During his last trip to Israel, Voice4Israel board member, Dolev Zaharony was able to get a once in a lifetime tour deep in the undergrounds of Israel’s light train tunnels.
It was the last day of my trip. I was visiting an old friend, Matan Krutzwil, who is the engineer that is in charge of building one the light train stations in the city of B’nei B’rak. He invited me to a tour in the underground, where the construction is running 24/7 -6. Of course, I said yes! Who would not like to go down and see one of Israel’s current biggest projects?
At 22:30 PM we met at the middle of the busy Zhabotinsky street. Busses were still running and people crossing the street as trucks and tractors are working across parts of the intersection. Some are cleaning the road, some are digging, rebuilding or repainting the sidewalks.
Matan took me to his office- a caravan on the sidewalk. On the wall was a huge picture that shows a birds-eye view of the whole area and map that laid our the current construction phase.
Then, we put on some flashy vests and a workers hat and off we went, crossing the traffic light, walking into a gate and on to a set of stairs that led into the underground. As we start walking down, this breathtaking industrial view has unveiled itself. 27 meters (about 88 feet) below the street level and about 9 meters (29 feet) below sea level. It is a sight you do not see every day.
The station is about 200 meters long. The walls are supported by huge pipes, called strats, which hold up to 1000 tons. Next to them, there are water pumps that work nonstop to make sure that the groundwater will not flood the whole station.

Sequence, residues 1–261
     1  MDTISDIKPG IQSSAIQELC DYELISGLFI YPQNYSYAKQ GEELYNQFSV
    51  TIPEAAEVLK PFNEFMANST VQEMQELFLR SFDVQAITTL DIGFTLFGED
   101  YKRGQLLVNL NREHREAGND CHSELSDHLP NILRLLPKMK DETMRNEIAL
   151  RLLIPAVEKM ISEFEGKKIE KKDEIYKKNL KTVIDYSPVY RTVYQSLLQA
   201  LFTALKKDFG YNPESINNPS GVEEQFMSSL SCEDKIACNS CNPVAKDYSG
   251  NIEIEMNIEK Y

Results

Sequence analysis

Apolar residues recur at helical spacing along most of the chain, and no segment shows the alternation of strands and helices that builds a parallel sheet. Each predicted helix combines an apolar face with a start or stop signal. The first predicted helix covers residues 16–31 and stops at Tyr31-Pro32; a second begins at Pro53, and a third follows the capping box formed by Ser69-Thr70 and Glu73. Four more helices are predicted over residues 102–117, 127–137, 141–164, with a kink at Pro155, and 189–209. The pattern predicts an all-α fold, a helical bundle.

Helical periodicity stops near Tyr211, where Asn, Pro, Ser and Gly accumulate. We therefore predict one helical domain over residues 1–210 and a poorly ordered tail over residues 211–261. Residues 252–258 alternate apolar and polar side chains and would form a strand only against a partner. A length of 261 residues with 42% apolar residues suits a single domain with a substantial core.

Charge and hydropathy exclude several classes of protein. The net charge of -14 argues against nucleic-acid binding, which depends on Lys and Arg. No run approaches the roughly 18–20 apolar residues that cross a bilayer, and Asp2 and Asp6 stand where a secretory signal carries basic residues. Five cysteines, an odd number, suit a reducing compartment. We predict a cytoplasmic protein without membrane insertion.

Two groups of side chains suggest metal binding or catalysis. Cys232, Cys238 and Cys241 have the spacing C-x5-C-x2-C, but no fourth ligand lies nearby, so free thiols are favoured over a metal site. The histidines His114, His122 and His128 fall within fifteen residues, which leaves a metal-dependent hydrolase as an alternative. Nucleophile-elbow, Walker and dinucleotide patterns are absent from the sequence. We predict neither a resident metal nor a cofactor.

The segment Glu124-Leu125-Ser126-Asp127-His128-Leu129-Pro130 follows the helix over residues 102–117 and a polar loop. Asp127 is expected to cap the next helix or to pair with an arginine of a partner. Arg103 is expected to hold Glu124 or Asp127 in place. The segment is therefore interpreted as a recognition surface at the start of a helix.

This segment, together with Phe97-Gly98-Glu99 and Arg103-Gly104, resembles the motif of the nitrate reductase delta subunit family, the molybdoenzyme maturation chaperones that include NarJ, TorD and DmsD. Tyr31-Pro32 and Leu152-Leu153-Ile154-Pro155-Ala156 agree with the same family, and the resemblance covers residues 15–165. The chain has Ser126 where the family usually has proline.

I glazed down to the ground and saw some workers and a tractor working- digging the land out. Matan explained that they have a conveyor that goes all the way up and into a truck that takes it away. We crossed the whole station and got to a bigger hole with two tunnels on the side of it.
Down at the tunnel level, the street level looks like the edge of a skyscraper. Those 2 tunnels were dug in for over 3 years. They connect the city of Petach Tikva and Tel Aviv. The Tunnel Boring Machine (TBM), which by itself is 120 meters long moves about 14 meters a day. It digs in the fronts and in the back tightens the concrete circled blocks, called “Rings”. These will make sure that the tunnel will not crash on the train. Each ring has its own unique structure and serial number, so just like a Lego piece, you know exactly where it is supposed to be. The view was stunning, and I did have an urge to do a skateboard tunnel test drive but forgot to bring one with me.
It was 2 minutes to midnight and I had a flight to catch the next morning. I thanked Matan for the once in a lifetime tour and got back up to the street. He was just starting his night shift. As I was walking towards my car, I looked at the people passing by me, rethinking of what I just saw and wishing they could see that as well.
I know that many voices in Israel that are somewhat frustrated with this project and how it interrupted their lives. I hope this blog will shed some light on how much this will change their lives for the better soon.
This tour was a great ending to a visit. It showed me again, how such a small country as Israel can build so many big and amazing things like this station and project. Hopefully next time I’m there, I will be able to ride it all the way to Tel Aviv.